Coal utility under pressure / Unions set to question climate goals
Steag / Die Welt / FAZ
Hard coal power station operator Steag, under pressure from strong wind energy production, is looking for a new investor after returning to profitability last year. Company CEO Joachim Rumstadt said at the annual press conference the company was looking to increase its capital, according to a FAZ report. Steag booked a profit of 59 million euros in 2017, following a loss of 220 million euros in 2016. The company is one of Germany’s largest conventional power generators, and is owned by a consortium of cash-strapped municipal utilities, which is why a capital increase would require a new investor.
Steag said it expected a slowdown in profit and sales in 2018, adding it was stepping up investments in renewables and decentral power generation to stop this trend, according to a report by news agency dpa carried by Die Welt. Steag closed an entire coal power station and another generating unit last year, which contributed two thirds to the entire power sector’s 2017 CO2 emissions decline, according to the company, which plans to close two further generating units this year. In January, hard coal power production almost halved year-on-year in Germany, while wind power almost doubled.
Find the company press release in English here.
Read the dpa report in German here.
Read a Reuters report on Steag in English here.
Find plenty of background in the dossier Utilities and the energy transition.
The German Trade Union Association DGB is set to reposition itself on climate policy at its upcoming annual congress, reports Malte Kreutzfeldt in daily taz. In a draft paper on energy, the unions only say they support the Paris climate goals, thereby abandoning support for the more stringent targets defined in the government’s so-called Climate Action Plan 2050. Kreutzfeldt says it looks likely mining union IG BCE, one of Germany’s most ardent coal power supporters, is behind the reversal. The unions will vote on the issue at their federal congress in mid-May.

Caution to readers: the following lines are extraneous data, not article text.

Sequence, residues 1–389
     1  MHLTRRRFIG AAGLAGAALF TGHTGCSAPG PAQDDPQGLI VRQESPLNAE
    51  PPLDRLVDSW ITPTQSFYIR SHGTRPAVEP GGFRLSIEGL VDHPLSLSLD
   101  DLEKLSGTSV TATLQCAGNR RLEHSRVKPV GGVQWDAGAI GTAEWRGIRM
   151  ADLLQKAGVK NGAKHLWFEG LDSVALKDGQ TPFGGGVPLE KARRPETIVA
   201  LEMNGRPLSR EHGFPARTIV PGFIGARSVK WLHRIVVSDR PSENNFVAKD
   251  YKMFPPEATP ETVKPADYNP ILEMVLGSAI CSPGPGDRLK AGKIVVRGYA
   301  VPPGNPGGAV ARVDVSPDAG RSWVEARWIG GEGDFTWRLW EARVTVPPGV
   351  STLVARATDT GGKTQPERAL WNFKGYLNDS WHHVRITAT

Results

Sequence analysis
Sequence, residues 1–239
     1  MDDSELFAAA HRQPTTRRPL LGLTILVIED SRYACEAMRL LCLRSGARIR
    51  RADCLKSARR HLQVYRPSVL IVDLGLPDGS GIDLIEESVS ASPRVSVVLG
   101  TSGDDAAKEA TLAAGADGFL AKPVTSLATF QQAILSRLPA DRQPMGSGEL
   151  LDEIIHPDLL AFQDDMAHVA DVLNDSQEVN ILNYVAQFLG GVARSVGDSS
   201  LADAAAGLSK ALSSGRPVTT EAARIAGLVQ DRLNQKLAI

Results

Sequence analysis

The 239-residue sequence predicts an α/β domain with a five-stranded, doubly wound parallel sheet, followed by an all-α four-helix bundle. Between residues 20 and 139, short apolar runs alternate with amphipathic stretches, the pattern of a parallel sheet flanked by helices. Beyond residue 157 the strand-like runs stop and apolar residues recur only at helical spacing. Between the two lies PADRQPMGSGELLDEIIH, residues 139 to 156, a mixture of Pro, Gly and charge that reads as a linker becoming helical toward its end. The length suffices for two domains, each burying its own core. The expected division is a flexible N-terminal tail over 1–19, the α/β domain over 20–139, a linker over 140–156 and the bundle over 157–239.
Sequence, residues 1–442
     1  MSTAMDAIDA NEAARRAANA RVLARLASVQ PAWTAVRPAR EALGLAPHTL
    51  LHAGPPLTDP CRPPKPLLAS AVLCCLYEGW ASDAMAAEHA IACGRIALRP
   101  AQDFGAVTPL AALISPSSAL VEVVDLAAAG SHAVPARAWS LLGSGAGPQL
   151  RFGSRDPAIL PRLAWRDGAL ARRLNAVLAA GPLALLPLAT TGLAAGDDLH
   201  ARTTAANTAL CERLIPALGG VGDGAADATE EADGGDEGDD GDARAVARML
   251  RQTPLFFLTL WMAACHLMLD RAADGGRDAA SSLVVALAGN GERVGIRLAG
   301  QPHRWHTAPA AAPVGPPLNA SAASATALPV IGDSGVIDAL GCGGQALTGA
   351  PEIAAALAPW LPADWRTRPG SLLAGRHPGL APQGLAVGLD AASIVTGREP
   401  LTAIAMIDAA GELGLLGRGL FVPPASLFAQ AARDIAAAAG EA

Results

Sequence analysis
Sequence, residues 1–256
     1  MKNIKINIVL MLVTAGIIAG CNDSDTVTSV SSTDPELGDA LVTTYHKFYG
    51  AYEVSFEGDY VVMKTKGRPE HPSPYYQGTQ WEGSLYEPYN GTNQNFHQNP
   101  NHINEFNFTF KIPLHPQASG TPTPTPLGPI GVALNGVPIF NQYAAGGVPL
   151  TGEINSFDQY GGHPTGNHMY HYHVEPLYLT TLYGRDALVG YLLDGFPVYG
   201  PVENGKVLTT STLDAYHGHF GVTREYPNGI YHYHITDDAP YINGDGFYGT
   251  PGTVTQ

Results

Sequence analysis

Find the article in German here.
Find background in the factsheet Germany’s Climate Action Plan 2050.
Gas made by electrolysis using renewable electricity could become cheaper than natural gas in the 2030s, according to an analysis by consultancy Energy Brainpool commissioned by Greenpeace Energy. This would require investments to push costs down, cheap power, and a realisation of climate and renewable targets in all sectors, according to the analysis.
Find the study in German here.
Find background in the factsheet Germany's dependence on imported fossil fuels.
Diesel fuel was invented by a German engineer and is pushed relentlessly by the country’s carmakers to this day, which is why banning it “has the feel of a ban on beer or bratwurst,” writes Griff Witte in a feature article for the Washington Post. “Yet the country is torn, caught between duelling identities as both a leader in going green and a master manufacturer of all things that go vroom.”
Read the article in English here.